High Hazard Cross Connections in Minnesota

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In response to the federal Safe Drinking Water Act Ground Water Rule and recent incidents in Minnesota, the Minnesota Department of Health (MDH) has adopted high-hazard cross connections that are not adequately protected as a Significant Deficiency for all Community Public Water Systems (CPWSs).

For the purposes of CPWS Unit program implementation, SDs will be defined as high-hazard cross connections that need a Reduced Pressure Zone (RPZ) backflow preventer or air gap to meet the Minnesota Plumbing Code.  However, CPWSs can adopt a more comprehensive approach, addressing all cross connections as part of a cross connection control program.

Plumbing cross connection contamination incidents occur throughout Minnesota, in both large and small communities.  Below is a sample of cross-connection contamination events at CPWSs identified during MDH Drinking Water Emergency Responses: 

June 2009 Metro Area Population 85,000 Ethylene glycol
April 2011 Metro Area Population 390,000 Ethyl ether
Incidents have also occurred in small to medium-sized communities in Minnesota.


As of July 1, 2011, MDH District Engineers are working with CPWSs to start identifying high-hazard cross connections that are not adequately protected.  These Significant Deficiencies have the potential to cause introduction of contamination into finished drinking water, and are not allowed under the Minnesota Plumbing Code.

Many CPWSs already have established programs for monitoring high-hazard cross connections in their water distribution system.  MDH is working with the Minnesota Department of Labor and Industry (DLI), League of Minnesota Cities (LMC), Minnesota Section of American Water Works Association (MNAWWA), Minnesota Rural Water Association (MRWA), local plumbing code authorities, and the plumbing industry to establish resources and rule language to help all CPWSs in addressing inadequately protected high-hazard cross connections.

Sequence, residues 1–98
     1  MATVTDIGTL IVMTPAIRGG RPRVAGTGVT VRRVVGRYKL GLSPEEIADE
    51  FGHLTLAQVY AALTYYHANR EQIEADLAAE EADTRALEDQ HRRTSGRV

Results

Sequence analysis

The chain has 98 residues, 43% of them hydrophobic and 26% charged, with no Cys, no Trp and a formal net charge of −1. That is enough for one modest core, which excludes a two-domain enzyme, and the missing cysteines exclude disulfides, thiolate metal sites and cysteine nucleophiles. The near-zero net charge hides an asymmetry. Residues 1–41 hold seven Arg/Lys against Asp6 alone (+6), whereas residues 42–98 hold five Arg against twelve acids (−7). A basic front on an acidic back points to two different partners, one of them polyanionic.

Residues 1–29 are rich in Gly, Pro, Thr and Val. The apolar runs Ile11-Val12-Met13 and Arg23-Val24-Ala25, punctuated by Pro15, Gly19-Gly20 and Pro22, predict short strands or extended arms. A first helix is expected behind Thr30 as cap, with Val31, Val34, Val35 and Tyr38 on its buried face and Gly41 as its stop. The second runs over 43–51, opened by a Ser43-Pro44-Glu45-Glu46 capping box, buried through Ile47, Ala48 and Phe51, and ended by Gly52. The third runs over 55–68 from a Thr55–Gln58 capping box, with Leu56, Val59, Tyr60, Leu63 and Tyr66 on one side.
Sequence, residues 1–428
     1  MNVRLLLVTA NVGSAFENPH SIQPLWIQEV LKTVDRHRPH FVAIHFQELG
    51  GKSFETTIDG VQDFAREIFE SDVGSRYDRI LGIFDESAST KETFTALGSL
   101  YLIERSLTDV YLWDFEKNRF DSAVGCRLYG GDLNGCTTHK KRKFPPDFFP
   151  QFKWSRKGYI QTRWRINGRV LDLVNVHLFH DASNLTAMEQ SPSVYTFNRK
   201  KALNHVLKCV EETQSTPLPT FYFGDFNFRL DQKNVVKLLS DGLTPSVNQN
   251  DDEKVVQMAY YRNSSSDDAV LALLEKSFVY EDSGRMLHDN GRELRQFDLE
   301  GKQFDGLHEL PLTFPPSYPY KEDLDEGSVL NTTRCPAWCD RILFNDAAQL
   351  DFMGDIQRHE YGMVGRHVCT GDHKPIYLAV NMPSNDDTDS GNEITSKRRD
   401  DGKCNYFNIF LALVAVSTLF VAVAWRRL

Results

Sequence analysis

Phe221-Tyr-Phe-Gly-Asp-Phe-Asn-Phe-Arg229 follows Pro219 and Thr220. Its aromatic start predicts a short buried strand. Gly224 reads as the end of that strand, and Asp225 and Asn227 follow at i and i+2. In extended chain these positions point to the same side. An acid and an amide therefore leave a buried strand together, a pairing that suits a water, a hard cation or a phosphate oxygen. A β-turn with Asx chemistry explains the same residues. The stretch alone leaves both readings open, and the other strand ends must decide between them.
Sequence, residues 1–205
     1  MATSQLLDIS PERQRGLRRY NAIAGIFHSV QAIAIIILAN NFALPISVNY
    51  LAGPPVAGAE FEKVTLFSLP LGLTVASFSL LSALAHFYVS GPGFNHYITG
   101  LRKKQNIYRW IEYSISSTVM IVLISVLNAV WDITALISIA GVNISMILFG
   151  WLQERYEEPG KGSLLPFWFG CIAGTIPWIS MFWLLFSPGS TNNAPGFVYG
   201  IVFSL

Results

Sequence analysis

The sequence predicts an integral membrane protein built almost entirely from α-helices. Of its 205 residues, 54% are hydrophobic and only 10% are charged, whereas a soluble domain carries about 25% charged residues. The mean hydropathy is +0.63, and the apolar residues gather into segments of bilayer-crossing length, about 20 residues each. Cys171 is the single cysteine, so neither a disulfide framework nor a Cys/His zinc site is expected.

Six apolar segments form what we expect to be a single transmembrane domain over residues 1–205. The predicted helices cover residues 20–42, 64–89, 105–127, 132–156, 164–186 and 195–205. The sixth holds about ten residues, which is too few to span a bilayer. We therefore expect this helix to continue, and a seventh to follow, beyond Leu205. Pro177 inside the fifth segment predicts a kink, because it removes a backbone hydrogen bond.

These organizations are available to provide the following resources:

  1. Provide information to elected officials and CPWSs regarding the threats and liabilities (public health and economic) associated with drinking water contamination due to inadequately protected high-hazard cross connections, i.e. fact sheets, website resources, workshops [LMC, AWWA, MRWA, MDH, DLI, and local plumbing code authority];
  2. Provide municipalities guidance for writing and adopting cross connection control ordinances [LMC, AWWA, MRWA, MDH, DLI, and local plumbing code authority];
  3. Provide licensed boiler operators with training and spring/fall reminder letters regarding the importance of cross connection control during boiler maintenance [DLI and MDH];
  4. Require local plumbing code authorities to forward received copies of all RPZ backflow preventer installation and maintenance records to the PWS [local plumbing code authority and DLI];
  5. Provide CPWSs with templates for tracking high-hazard cross connections with RPZ installation and maintenance records, i.e. spreadsheet and postcard notices [MRWA and LMC]; and
  6. Provide CPWSs with enforcement resources to address high-hazard cross connections that are not adequately protected including:
    1. ordinance language for enforcement and adopting any necessary fines [MRWA and LMC];
    2. fact sheet listing responsible authorities [MDH];
    3. assistance from enforcement authorities [regulatory authorities for licensed businesses; local plumbing code authority, DLI, and MDH].

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Updated Monday, November 04, 2013 at 09:49AM